Lana Del Rey is being sued over one of her song’s similarities to the Radiohead classic “Creep.” The pop star claimed on Twitter Sunday that the band’s lawyers have been “relentless” in their claim, and the two sides will now take their case to court.
“It’s true about the lawsuit,” Lana Del Rey said on Twitter. “Although I know my song wasn’t inspired by Creep, Radiohead feel it was and want 100% of the publishing - I offered up to 40 over the last few months but they will only accept 100. Their lawyers have been relentless, so we will deal with it in court.”
The song in question is “Get Free,” the closing track on last summer’s album “Lust for Life.” The Radiohead dispute focuses on the 1992 hit “Creep,” the band’s debut song that propelled them to their initial fame. Del Rey suggested during a Sunday concert that the lawsuit could result in the removal of “Get Free” from future releases of the album.
“Those sentiments that I wrote, I really am gonna strive for them, even if that song is not on future physical releases of the record,” the singer told the audience during her performance at the Pepsi Center in Denver, Colorado, where she gave a speech about the lawsuit in between songs.
Listen to “Get Free” below:
And listen to “Creep” below:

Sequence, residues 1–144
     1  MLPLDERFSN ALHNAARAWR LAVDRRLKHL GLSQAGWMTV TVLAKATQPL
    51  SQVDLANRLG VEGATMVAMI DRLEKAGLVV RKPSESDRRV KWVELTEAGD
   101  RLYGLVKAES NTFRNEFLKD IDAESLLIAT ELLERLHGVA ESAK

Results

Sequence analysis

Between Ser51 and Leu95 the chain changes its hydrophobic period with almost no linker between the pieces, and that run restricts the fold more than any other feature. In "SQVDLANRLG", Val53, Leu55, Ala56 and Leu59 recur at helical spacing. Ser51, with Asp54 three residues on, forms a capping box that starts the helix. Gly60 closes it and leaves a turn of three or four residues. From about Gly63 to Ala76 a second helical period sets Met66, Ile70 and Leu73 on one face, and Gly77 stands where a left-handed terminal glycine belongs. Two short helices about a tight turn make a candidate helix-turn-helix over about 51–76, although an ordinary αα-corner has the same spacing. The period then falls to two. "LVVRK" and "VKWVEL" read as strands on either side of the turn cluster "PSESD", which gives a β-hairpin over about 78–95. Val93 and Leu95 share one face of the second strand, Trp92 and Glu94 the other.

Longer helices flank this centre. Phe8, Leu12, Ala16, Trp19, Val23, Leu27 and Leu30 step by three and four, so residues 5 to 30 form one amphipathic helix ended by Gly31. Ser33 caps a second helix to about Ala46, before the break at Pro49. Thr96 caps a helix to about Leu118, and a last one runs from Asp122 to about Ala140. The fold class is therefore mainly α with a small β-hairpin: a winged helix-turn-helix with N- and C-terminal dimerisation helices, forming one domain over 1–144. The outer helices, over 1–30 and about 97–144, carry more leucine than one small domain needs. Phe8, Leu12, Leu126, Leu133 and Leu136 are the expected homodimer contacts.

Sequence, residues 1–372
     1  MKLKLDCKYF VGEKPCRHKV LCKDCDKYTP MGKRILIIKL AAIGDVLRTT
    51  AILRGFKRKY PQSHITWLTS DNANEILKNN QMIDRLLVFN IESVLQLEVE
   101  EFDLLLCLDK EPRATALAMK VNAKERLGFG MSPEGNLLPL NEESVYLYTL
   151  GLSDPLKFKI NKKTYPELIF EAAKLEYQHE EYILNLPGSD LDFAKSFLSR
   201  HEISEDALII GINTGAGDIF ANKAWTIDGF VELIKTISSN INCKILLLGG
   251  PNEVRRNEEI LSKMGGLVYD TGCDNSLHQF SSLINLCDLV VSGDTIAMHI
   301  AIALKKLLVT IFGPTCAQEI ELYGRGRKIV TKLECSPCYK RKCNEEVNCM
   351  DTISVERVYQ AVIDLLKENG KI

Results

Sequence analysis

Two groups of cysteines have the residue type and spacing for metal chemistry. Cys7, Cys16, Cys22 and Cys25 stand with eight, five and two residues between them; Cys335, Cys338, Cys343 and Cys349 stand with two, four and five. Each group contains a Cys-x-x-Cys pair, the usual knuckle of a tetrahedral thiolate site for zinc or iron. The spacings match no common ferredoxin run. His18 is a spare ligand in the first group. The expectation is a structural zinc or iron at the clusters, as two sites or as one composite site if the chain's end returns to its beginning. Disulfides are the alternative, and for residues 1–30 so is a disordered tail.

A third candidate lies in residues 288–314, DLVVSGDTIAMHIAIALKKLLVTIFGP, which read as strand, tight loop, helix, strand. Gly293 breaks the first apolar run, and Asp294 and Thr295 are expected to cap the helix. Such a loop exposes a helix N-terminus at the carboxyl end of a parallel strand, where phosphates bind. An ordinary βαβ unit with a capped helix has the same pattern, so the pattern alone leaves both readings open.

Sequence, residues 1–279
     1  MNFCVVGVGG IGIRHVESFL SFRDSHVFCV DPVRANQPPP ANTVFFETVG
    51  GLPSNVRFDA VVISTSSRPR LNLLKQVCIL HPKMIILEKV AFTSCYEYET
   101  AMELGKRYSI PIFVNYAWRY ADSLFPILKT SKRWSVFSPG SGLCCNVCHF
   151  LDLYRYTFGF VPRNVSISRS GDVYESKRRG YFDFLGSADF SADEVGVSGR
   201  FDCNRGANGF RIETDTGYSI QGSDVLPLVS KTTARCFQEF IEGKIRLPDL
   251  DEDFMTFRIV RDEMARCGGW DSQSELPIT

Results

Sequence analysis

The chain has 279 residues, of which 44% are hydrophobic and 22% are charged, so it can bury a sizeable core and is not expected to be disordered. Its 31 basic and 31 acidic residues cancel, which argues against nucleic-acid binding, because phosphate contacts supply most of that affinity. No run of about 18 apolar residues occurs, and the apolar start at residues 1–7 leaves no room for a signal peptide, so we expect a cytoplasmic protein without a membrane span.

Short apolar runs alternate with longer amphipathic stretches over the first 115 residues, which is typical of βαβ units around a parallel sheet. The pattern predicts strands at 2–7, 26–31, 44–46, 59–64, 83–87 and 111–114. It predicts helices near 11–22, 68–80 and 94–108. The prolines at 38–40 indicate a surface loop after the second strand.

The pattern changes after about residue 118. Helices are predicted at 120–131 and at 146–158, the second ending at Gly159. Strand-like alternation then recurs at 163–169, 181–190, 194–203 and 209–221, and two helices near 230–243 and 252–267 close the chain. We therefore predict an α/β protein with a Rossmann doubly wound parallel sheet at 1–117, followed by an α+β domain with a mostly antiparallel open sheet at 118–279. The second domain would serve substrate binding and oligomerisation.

It’s not the first time the similarity has been highlighted. The Telegraph music critic Neil McCormick described the album’s closing track in his review as “completely undermined by the fact that she has blatantly stolen the verse chord progression and melody from Radiohead’s Creep,” noting that he wouldn’t be surprised by a lawsuit.
Oddly enough, “Creep” was also the subject of its own lawsuit. Albert Hammond and Mike Hazlewood sued Radiohead for copyright infringement, claiming their song bore stark similarities to the The Hollies’ 1973 song “The Air That I Breathe.” The two successfully received a split of royalties as a result. Because of this, the album “Pablo Honey” credits the pair as co-writers.
Listen to “The Air That I Breathe” below:
The pair didn’t end up with a complete share of royalties as, in Hammond’s words, “Radiohead agreed they had actually taken it from The Air That I Breath.”
It seems Lana Del Rey is less likely to go down without a fight.